Here's the idea. The government recommends a diet for healthy living (right pyramid), but at the same time there are billions of dollars of lopsided subsidies (left pyramid) whose distribution doesn't look anything like the former. The Physicians Committee for Responsible Medicine (PCRM) used the above 3-d pyramids to present this information.

    Interesting point. Funky presentation. Discuss (remakes highly recommended).

    [via The Consumerist]

  • wefeelfine-cover

    Review: We Feel Fine (the book) by Kamvar and Harris

    We Feel Fine, by Sep Kamvar and Jonathan Harris, is a selection of some of the best entries from the database of 12 million emotions, along with some insights into the growing dataset.
  • What burger chain reigns supreme?

    March 10, 2010  |  Mapping

    alone

    In a follow up to his McDonald's map, Stephen Von Worley of Weather Sealed maps the dominating burger chains across the United States. McDonald's obviously has a stronghold in a lot of areas but not all of them. Most noticeable is Sonic Drive-in with over 900 restaurants in Texas alone. Personally, I'm rooting for Carl's Jr. and In-n-Out.

    [via We Love Datavis]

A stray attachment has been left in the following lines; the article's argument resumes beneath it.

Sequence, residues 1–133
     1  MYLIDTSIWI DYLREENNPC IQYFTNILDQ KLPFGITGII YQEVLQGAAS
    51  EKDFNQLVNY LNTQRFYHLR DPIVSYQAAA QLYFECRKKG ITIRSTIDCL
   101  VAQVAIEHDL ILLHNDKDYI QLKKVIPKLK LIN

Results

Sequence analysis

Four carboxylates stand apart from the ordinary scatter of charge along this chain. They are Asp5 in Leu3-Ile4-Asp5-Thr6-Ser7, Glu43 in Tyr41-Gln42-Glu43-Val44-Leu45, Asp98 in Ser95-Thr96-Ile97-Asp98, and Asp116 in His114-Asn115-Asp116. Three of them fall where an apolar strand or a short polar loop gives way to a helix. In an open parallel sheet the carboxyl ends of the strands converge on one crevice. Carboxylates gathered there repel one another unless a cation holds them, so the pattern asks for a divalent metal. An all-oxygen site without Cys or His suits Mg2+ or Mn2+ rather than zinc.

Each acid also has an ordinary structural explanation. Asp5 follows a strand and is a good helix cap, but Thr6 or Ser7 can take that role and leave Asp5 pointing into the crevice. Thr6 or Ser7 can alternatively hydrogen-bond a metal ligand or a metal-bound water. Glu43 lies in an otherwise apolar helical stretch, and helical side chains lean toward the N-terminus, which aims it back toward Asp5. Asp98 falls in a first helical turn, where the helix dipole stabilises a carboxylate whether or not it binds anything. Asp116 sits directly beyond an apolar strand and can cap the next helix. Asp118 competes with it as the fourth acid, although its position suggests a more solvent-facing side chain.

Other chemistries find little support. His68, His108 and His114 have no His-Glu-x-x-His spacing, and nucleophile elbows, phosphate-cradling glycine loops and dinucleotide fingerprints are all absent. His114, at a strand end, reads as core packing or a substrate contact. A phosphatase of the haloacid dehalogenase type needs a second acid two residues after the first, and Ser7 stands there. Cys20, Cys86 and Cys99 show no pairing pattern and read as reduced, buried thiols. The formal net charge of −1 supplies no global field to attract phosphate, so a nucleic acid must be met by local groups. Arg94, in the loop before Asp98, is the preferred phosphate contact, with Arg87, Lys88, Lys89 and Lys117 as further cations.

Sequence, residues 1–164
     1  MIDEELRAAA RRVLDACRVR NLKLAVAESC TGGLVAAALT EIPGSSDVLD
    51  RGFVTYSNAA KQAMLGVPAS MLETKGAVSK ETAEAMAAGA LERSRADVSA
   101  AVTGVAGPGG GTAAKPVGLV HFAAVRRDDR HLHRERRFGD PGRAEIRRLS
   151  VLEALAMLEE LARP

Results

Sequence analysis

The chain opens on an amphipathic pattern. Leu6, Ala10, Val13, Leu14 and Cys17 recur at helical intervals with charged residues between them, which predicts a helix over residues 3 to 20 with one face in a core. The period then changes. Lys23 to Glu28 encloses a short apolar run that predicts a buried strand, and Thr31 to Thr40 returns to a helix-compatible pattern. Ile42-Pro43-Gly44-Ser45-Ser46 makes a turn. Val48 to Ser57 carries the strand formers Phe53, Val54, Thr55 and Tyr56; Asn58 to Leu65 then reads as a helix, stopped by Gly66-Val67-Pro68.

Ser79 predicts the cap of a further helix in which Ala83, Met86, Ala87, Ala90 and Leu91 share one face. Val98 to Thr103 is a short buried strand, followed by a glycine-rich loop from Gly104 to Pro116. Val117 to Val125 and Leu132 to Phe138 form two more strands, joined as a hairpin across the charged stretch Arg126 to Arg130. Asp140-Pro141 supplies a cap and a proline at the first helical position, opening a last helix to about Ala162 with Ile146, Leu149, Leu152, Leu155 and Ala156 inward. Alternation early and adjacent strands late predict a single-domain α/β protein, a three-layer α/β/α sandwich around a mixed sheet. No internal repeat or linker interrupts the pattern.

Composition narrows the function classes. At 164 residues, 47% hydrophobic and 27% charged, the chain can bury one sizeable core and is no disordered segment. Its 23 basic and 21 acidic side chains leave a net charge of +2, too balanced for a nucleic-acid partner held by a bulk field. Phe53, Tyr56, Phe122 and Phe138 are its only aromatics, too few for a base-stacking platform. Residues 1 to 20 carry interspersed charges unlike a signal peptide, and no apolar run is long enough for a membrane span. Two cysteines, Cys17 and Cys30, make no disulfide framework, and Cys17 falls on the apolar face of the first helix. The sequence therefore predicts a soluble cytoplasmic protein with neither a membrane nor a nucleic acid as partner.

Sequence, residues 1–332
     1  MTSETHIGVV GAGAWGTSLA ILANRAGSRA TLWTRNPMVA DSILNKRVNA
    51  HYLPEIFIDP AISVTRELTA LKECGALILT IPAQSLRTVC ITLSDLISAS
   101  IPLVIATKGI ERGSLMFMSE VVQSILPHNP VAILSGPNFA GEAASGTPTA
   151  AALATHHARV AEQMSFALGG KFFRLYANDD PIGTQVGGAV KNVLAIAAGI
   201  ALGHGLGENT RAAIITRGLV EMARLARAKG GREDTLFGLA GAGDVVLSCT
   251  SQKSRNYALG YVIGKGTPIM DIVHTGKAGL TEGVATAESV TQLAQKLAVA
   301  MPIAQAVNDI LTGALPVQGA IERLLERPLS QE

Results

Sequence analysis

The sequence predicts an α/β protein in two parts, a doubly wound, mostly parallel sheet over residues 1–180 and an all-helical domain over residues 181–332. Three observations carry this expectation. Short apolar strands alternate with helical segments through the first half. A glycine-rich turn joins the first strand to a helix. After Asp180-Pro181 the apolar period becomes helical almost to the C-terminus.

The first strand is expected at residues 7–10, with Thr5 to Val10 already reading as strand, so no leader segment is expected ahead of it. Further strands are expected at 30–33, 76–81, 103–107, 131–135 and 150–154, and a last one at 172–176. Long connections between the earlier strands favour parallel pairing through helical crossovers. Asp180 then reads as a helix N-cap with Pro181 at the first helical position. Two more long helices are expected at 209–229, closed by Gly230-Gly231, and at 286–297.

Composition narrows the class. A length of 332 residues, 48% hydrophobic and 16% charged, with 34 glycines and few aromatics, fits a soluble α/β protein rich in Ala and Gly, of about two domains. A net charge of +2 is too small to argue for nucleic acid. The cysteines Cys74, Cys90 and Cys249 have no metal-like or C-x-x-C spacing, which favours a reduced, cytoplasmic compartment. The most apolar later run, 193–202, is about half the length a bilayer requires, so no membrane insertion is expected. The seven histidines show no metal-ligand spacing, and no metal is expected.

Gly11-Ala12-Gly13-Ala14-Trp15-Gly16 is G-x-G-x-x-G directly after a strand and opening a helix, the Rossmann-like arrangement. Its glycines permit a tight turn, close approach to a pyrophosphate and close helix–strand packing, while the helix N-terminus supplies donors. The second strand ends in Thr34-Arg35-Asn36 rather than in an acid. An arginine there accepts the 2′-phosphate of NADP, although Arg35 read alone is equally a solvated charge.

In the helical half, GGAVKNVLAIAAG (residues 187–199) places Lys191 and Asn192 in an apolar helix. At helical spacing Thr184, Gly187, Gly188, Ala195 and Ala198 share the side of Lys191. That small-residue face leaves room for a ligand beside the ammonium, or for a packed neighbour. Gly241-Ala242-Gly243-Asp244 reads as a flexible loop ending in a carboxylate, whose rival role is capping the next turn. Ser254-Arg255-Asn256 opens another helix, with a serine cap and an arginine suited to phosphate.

• Canada: the country that pees together stays together

    March 9, 2010  |  Statistical Visualization

    flush_game

    EPCOR, the water utility company that runs the fountains up in Edmonton, Canada released this graph yesterday. It's water consumption during the Olympic gold medal hockey game, overlaying consumption of the previous day. How much do Canadians love their hockey? A lot.

    The first period ends. Time to pee. The second period ends. Time to pee. The third period ends. Time to pee. Consumption goes way down when Canada wins and during the medal ceremony.

    Finally, when it's all said and done, the rest of the country can relieve itself, figuratively and literally.

    [via contrarian | thanks, @statpumpkin]

  • Looking Inside a Bus Routing Algorithm

    March 9, 2010  |  Mapping

    In an effort to put transit data from the Toronto Transit Committee to better use, MyTTC provides a trip planner to help you find the best route from point A to point B. This video, compete with smart arses sitting on a couch, provides a peek into how the underlying algorithm works.